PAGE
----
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Normative scores for a brief neuropsychological battery for the detection of HIV-associated neurocognitive disorder (HAND) among South Africans

Dinesh Singh1*, John A Joska2, Karl Goodkin34, Enrique Lopez34, Landon Myer25, Robert H Paul6, Sally John7 and Henry Sunpath7

Author Affiliations

1 Department of Psychiatry, University of Kwa-Zulu Natal, Durban, South Africa

2 University of Cape Town, Observatory, South Africa

3 Department of Psychiatry and Behavioral Neurosciences of Cedars-Sinai Medical Center, Los Angeles, USA

4 Department of Psychiatry and Biobehavioral Sciences, University of California, Los Angeles, USA

5 Mailman School of Public Health, Columbia University, USA

6 Department of Psychology, University of Missouri, St Louis, USA

7 McCord Hospital, Durban, South Africa

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BMC Research Notes 2010, 3:28  doi:10.1186/1756-0500-3-28

The electronic version of this article is the complete one and can be found online at: http://www.biomedcentral.com/1756-0500/3/28


Received:19 August 2009
Accepted:29 January 2010
Published:29 January 2010

© 2010 Singh et al; licensee BioMed Central Ltd.

This is an open access article distributed under the terms of the Creative Commons Attribution License (http://creativecommons.org/licenses/by/2.0), which permits unrestricted use, distribution, and reproduction in any medium, provided the original work is properly cited.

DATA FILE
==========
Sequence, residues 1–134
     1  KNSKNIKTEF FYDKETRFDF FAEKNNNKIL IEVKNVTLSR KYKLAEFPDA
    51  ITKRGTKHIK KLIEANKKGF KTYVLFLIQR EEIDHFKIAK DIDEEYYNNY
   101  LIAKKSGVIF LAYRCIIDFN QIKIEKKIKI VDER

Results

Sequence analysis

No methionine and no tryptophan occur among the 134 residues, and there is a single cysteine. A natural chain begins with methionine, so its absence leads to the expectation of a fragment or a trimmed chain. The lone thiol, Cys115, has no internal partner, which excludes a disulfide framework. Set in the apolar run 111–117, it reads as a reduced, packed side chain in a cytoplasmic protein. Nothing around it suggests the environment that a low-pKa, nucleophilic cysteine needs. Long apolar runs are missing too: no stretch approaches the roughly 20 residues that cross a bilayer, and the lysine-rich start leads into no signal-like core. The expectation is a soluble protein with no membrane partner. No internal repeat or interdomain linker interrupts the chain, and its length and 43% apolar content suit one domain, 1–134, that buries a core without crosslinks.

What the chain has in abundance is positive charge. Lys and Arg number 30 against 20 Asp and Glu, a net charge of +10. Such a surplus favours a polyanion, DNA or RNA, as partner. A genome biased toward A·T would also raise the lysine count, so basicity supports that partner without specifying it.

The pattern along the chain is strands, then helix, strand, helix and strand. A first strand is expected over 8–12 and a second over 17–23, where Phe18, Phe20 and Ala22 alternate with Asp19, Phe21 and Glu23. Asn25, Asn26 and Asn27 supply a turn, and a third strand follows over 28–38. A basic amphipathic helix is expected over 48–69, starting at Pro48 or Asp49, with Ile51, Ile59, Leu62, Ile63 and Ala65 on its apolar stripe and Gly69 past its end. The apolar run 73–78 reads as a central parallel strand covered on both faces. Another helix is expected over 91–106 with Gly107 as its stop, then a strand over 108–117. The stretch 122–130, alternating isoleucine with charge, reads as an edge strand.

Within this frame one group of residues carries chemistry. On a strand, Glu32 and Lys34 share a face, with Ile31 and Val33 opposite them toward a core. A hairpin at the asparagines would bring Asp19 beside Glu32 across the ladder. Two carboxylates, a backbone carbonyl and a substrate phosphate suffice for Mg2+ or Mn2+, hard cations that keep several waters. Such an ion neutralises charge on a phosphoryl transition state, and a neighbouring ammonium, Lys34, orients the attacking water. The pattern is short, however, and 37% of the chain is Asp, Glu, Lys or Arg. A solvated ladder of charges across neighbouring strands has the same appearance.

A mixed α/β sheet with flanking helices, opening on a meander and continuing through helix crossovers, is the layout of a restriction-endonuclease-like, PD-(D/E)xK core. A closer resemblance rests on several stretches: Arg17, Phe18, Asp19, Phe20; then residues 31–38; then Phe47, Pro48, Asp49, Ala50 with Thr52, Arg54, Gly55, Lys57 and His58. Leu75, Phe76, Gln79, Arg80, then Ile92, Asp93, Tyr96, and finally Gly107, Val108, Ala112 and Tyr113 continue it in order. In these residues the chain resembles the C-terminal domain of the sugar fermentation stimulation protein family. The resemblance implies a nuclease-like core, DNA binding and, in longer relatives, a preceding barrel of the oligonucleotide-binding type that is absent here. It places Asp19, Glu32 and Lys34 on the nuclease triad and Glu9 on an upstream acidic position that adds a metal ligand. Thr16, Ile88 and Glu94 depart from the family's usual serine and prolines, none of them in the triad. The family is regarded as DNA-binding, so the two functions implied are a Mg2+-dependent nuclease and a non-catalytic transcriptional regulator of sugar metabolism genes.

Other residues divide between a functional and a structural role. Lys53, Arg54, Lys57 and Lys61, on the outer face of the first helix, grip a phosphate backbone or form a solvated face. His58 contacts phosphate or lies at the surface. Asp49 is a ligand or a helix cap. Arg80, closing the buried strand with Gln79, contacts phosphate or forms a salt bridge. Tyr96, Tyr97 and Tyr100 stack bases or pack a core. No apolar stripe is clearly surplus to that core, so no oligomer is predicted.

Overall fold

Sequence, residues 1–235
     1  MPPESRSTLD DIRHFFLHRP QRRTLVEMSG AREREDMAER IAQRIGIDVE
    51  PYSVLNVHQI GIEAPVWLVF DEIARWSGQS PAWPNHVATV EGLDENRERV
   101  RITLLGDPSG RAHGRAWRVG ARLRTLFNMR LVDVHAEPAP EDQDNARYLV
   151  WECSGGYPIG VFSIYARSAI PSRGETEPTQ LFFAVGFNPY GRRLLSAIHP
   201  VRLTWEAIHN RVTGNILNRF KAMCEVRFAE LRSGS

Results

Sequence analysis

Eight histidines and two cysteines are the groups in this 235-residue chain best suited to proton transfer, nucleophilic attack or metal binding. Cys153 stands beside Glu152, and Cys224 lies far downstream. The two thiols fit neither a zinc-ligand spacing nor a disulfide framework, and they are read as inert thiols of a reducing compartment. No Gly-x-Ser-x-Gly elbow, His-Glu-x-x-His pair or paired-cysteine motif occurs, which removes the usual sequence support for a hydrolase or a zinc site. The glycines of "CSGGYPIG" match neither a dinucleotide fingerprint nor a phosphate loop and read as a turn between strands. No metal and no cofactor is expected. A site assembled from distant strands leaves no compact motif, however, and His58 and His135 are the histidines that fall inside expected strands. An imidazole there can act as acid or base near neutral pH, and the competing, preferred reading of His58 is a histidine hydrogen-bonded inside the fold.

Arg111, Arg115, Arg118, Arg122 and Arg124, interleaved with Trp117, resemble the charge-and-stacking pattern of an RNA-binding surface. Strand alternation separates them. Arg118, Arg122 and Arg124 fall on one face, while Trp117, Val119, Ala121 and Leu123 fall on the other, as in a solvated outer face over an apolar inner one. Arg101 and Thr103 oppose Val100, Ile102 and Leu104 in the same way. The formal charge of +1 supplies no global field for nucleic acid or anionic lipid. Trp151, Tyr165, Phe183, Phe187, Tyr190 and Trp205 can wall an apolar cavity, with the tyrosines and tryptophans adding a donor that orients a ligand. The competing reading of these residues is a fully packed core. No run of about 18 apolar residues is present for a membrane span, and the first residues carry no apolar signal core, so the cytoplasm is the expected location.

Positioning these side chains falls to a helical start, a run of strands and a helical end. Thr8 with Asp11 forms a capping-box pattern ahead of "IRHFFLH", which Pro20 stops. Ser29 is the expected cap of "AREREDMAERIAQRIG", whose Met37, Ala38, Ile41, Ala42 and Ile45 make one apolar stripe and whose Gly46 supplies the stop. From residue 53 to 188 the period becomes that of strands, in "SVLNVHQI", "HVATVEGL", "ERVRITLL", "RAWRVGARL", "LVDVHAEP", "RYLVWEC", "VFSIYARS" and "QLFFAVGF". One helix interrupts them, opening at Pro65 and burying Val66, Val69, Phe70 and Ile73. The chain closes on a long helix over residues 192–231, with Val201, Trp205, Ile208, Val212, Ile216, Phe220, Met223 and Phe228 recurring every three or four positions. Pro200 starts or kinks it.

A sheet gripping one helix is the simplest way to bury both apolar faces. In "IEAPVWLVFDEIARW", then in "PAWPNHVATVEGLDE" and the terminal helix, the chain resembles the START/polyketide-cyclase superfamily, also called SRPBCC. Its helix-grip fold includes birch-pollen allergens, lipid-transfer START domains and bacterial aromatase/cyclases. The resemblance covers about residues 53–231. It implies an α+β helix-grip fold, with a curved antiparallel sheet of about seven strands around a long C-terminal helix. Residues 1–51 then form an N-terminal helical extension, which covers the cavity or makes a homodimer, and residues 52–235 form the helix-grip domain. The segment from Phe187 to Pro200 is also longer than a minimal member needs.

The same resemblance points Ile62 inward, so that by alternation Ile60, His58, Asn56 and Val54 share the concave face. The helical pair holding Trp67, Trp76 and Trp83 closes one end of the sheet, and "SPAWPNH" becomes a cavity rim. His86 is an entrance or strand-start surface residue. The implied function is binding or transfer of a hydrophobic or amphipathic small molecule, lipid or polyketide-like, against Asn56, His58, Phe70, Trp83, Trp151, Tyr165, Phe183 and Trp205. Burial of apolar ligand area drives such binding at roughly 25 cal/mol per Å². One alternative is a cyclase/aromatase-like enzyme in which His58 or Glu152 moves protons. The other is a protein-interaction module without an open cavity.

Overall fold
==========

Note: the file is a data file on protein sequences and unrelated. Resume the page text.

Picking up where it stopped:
Abstract

Background

There is an urgent need to more accurately diagnose HIV-associated neurocognitive disorder (HAND) in Africa. Rapid screening tests for HIV-associated dementia are of limited utility due to variable sensitivity and specificity. The use of selected neuropsychological tests is more appropriate, but norms for HIV seronegative people are not readily available for sub-Saharan African populations. We sought to derive normative scores for two commonly used neuropsychological tests that generate four test scores -- namely the Trail-Making Test (Parts A and B) and the Digit Span Test [Forward (DSF) and Backward (DSB)]. To assess memory and recall, we used the memory item of the International HIV Dementia Scale (IHDS).

Findings

One hundred and ten HIV seronegative participants were assessed at McCord Hospital, Durban, South Africa between March 3rd and October 31st, 2008. We excluded people with major depressive disorder, substance use abuse and dependence and head injuries (with or without loss of consciousness). All the participants in this study were African and predominantly female with an average age of 28.5 years and 10 years of education. Age and gender influenced neuropsychological functioning, with older people performing worse. The effect of gender was not uniform across all the tests.

Conclusion

These two neuropsychological tests can be administered with the IHDS in busy antiretroviral clinics. Their performance can be measured against these norms to more accurately diagnose the spectrum and progression of HAND.